Blood samples were obtained from the participants after overnight fasting. Total cholesterol (TC), triglycerides (TG), low density lipoprotein-cholesterol (LDL-C), and high density lipoprotein-cholesterol (HDL-C) were assayed by enzymatic methods using an autoanalyzer (Modular P-800; Roche, Switzerland). Concentration of LDL-C was calculated from the Friedewald equation (LDL-C = TC- (HDL-C + TG/5)).

The definition of dyslipidemia was taken from the National Cholesterol Education Program (NCEP) [13] and “Experts Consensus for Prevention and Treatment of Dyslipidemia in Children and Adolescents” in China [14]. The cut-off of each type of dyslipidemia was defined as follows: TC ≥ 200 mg/dL (5.172 mmol/L), LDL-C ≥ 130 mg/dL (3.3618 mmol/L), TG ≥ 150 mg/dL (1.6935 mmol/L), and HDL-C ≤ 35 mg/dL (0.9051 mmol/L). The prevalence of dyslipidemia was defined to be the occurrence of any or all types of dyslipidemia.

Anthropometric measurements

The children’s anthropometric characteristics were measured by trained researchers in a comfortable examination area with the children wearing minimal clothing. Height was measured accurate to 0.1 cm, and weight was measured accurate to 0.1 kg. WC was measured at 2 cm above the umbilicus. HC was measured at maximal protrusion of the buttocks. MUAC was measured midway between the acromion and olecranon on the non-dominant arm. All of these indices were accurate to 0.1 cm. BMI was calculated as weight/height2 (kg/m2). The BMI z-score was calculated according to the criteria of the World Health Organization. WHR was calculated as WC/HC, WHtR was calculated as WC/height, and mid-upper arm height ratio (MaHtR) was calculated as MUAC/height.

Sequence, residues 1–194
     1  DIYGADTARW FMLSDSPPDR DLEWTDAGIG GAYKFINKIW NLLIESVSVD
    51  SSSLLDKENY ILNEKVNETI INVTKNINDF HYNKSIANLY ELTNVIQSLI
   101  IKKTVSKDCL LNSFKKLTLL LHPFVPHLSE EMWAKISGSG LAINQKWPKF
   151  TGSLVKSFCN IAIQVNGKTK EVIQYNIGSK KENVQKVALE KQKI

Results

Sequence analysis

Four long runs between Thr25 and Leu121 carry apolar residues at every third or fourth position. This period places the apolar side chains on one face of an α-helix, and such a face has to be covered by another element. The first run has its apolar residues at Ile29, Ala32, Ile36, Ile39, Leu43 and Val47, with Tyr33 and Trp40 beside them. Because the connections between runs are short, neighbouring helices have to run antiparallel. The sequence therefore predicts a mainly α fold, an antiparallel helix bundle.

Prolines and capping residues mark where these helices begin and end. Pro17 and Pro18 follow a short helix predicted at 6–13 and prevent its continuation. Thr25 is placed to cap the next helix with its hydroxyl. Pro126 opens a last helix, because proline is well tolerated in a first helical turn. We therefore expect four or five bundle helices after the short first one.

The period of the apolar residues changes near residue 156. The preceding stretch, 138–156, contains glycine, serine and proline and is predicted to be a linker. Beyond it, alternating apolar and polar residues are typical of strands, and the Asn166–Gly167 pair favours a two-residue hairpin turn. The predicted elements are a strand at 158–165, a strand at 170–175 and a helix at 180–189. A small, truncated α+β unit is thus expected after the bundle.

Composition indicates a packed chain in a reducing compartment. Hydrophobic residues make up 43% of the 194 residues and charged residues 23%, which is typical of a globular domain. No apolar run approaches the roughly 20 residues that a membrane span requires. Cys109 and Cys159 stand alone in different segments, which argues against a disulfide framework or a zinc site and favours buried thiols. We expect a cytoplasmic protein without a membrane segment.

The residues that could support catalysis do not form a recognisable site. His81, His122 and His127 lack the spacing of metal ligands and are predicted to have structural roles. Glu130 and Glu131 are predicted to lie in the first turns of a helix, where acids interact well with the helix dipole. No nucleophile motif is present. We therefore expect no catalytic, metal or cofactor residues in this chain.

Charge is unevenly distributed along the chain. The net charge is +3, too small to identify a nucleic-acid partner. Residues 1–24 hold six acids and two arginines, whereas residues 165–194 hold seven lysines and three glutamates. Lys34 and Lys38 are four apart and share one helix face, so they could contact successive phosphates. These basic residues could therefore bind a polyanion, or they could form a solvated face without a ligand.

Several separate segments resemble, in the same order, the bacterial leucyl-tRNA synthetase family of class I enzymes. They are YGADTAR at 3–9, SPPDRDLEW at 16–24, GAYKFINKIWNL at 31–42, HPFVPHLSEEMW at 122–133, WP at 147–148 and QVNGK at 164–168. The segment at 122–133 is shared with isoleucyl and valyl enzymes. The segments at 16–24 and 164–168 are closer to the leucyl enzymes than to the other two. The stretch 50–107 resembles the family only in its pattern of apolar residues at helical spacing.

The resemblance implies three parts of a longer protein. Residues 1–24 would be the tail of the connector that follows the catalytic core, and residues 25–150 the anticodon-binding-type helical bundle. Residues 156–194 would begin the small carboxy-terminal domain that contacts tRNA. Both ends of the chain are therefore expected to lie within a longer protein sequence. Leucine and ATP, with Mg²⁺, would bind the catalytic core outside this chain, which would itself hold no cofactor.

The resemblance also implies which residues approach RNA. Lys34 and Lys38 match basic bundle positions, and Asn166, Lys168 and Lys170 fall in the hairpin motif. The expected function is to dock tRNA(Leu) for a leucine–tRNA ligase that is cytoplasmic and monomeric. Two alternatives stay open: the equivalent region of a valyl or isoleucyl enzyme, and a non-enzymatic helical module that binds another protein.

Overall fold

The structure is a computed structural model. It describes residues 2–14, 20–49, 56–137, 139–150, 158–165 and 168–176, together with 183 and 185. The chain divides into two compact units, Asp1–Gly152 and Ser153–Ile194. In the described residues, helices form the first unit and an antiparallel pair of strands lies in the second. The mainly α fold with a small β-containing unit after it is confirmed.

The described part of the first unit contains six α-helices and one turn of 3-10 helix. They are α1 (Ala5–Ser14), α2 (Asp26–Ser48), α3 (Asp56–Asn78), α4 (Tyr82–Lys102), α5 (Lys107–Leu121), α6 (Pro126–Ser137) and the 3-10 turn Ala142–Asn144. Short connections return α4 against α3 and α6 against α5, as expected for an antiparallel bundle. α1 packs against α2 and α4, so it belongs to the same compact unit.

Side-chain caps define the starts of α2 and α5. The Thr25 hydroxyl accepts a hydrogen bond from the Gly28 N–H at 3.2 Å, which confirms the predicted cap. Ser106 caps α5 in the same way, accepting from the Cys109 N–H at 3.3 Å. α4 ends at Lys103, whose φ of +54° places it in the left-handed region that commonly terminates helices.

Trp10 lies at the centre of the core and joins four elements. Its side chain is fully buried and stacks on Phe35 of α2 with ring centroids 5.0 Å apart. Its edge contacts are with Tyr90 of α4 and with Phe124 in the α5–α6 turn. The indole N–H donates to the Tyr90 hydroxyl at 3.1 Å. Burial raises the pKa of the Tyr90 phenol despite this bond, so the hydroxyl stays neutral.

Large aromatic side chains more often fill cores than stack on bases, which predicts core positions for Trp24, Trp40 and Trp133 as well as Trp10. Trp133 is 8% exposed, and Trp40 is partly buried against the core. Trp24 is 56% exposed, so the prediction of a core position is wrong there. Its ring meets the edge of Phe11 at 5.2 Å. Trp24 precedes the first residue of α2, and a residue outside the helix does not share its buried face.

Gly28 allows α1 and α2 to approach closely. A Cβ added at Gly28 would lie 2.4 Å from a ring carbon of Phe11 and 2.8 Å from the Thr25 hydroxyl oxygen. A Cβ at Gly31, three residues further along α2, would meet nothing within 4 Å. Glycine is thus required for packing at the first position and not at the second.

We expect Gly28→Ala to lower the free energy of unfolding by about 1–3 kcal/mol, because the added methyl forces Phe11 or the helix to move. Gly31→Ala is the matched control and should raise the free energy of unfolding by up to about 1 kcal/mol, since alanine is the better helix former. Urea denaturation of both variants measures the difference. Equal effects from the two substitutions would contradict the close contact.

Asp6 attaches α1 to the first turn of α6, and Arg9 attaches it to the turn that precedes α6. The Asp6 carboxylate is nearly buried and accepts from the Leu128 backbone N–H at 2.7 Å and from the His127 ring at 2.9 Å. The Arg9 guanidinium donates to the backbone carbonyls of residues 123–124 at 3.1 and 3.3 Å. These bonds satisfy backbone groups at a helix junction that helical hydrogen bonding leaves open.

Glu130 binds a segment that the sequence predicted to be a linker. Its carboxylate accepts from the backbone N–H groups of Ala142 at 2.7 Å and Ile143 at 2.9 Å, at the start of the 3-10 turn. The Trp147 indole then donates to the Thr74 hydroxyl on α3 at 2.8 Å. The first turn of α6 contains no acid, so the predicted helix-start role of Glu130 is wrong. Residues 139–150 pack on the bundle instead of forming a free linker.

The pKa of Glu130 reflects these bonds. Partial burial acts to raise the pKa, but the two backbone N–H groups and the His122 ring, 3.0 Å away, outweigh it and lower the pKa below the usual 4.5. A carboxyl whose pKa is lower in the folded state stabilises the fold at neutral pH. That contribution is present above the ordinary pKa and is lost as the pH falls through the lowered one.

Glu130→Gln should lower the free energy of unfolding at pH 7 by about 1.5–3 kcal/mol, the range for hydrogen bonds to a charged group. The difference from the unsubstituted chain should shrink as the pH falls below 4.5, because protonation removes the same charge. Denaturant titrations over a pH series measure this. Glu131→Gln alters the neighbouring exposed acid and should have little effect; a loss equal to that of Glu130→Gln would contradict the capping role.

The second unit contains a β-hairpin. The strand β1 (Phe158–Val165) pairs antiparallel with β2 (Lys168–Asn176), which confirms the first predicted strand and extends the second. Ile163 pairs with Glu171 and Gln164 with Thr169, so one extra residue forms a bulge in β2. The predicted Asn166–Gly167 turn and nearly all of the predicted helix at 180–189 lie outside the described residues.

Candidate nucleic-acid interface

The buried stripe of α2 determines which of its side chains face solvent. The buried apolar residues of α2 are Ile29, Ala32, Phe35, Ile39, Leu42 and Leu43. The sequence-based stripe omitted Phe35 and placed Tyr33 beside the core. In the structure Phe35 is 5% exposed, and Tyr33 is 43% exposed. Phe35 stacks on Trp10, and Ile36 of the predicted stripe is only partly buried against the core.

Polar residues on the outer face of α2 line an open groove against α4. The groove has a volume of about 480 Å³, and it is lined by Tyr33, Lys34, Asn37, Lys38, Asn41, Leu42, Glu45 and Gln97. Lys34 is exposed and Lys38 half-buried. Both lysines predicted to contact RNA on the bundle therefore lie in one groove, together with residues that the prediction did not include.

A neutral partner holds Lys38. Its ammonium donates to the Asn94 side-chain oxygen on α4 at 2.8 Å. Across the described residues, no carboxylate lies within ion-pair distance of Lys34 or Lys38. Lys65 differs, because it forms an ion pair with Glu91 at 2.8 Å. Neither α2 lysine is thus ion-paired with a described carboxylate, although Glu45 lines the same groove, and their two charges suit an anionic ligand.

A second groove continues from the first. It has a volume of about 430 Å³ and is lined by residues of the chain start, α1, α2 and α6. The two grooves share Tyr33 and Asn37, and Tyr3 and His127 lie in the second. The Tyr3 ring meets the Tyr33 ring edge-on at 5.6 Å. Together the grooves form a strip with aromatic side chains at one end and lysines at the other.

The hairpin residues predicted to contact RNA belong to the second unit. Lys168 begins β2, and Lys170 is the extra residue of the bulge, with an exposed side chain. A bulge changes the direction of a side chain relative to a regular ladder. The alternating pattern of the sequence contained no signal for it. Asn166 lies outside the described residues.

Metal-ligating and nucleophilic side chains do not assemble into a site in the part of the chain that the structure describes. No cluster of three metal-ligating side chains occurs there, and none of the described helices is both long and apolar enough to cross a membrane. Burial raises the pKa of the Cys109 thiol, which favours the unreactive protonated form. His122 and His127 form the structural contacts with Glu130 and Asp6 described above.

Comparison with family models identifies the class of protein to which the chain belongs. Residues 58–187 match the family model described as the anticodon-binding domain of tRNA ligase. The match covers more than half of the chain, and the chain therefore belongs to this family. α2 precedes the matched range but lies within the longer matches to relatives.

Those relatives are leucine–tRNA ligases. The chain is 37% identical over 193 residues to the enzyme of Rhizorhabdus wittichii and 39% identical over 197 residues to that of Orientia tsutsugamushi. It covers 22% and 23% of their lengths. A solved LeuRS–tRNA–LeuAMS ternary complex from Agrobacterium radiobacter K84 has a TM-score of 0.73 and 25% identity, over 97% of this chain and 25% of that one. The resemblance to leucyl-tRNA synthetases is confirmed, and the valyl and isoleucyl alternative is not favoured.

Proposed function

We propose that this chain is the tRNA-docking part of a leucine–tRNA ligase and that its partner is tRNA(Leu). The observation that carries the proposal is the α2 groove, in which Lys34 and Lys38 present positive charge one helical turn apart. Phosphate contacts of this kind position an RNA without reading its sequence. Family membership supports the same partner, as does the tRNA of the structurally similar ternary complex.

Other measurements

Questionnaire surveys was administered to the legal guardians of the participants to collect related information, including gender, age, living area, family income per capita, total physical activity time per week, energy intake per day, and nutraceutical use.

Statistical methods

The serum lipid profiles between different groups of participants were compared using Student’s t-test. Partial correlations between anthropometric measurements and serum lipid profiles adjusted for age were examined using Spearman’s correlation test.

The receiver operating characteristic (ROC) analysis was performed to investigate the diagnostic ability of anthropometric indices in identifying the risk of dyslipidemia. The ROC curve is a plot of sensitivity versus 1-specificity. The area under the ROC curve (AUC) was estimated to measure the overall performance of each anthropometric index predicting risk of dyslipidemia. Optimal cut-off points for each anthropometric index were determined using the maximum value of Youden’s index (i.e., sensitivity + specificity - 1), corresponding to the nearest point of the ROC curve to the upper left-hand corner.

The Bonferroni test was used for comparison of AUCs using the BMI z-score, WHR, WHtR, and MaHtR as predictors. The crude odds ratio (OR) and OR adjusted for age, energy intake, total physical activity, nutraceutical use, living area, and family income were calculated to assess the association between anthropometric indices and dyslipidemia. OR was estimated by every increase of approximately one standard deviation of each anthropometric index.